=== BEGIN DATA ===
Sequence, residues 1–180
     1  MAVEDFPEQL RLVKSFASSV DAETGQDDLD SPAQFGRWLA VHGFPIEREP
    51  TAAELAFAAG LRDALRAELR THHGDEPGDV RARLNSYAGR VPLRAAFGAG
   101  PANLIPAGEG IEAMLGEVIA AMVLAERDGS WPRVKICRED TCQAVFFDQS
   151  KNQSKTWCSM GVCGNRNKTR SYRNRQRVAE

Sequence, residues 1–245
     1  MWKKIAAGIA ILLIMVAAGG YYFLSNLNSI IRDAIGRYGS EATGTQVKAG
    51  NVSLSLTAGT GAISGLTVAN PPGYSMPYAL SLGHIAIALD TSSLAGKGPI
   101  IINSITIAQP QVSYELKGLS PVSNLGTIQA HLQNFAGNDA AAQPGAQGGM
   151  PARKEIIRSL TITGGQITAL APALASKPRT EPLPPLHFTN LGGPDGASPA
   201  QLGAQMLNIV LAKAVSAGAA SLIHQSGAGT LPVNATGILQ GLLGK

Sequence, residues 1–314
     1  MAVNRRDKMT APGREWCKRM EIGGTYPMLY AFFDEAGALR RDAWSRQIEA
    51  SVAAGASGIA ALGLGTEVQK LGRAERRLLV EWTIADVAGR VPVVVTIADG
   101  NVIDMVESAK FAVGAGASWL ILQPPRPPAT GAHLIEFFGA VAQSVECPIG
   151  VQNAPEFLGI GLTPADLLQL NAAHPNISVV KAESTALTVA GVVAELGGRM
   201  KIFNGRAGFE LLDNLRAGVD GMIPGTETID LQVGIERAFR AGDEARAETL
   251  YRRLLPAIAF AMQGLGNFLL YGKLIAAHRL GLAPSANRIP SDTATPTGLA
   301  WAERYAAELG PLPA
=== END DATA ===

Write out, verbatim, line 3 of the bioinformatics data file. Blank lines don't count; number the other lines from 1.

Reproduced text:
    51  TAAELAFAAG LRDALRAELR THHGDEPGDV RARLNSYAGR VPLRAAFGAG